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Snapshot: A spiral galaxy being picked apart

Pulled out of shape by a neighboring galaxy, NGC 2276 is a perfect example of how no two galaxies are exactly the same.
RELATED TOPICS: GALAXIES
STScI01F60MQYJ41H5PX1RTBNCF2GTH
NASA, ESA, STScI, Paul Sell (University of Florida)
Cotton candy is a delectable fair staple — dyed blue, the pieces sticking to your fingers as you pull on the spun sugar strands.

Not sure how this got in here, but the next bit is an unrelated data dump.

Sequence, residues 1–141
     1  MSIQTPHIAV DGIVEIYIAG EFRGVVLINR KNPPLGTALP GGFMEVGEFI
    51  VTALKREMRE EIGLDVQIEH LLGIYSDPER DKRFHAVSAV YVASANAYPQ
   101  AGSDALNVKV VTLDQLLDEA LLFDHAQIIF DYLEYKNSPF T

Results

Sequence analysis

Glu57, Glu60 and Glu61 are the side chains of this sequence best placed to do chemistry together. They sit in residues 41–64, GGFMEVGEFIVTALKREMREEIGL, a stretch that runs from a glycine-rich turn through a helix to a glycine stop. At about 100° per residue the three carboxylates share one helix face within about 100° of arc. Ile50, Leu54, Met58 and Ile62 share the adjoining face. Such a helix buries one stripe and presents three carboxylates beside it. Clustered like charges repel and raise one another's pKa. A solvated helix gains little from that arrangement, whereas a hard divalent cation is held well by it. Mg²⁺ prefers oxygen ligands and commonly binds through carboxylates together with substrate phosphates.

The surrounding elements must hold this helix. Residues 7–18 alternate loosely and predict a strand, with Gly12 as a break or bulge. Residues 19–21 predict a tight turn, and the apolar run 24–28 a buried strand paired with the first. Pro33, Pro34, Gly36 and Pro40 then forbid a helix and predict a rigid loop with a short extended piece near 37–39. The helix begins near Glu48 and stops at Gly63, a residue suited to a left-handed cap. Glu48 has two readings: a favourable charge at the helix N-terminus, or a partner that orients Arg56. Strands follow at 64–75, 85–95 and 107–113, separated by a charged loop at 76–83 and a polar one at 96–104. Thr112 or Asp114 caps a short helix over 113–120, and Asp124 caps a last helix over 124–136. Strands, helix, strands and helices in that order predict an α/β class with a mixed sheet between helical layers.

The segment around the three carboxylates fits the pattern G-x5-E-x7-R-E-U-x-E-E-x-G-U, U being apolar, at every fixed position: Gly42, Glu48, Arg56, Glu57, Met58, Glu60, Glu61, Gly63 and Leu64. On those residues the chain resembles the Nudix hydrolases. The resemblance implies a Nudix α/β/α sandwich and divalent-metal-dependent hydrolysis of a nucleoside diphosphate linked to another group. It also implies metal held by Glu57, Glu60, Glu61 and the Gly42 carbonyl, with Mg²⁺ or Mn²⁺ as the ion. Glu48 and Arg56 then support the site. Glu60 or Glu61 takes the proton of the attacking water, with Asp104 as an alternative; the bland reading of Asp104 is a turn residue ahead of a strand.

Like sugary sweet cotton candy coming apart strand by strand, the spiral galaxy NGC 2276 is also being pulled and picked apart. Located 120 million light-years away in the constellation Cepheus, it has a neighboring galaxy, NGC 2300, out of frame to the right. That galaxy is tugging on NGC 2276’s outer disk of stars and pulling them to one side.

On the other side of NGC 2276, massive newborn stars live in the bright, blue arm on the upper left. The intense star formation might be due to a collision between NGC 2276 and another dwarf galaxy many eons ago.

NGC 2276 is a perfect example of the physics of the cosmos. Nothing is uniform in space, but it sure is sweet to look at.
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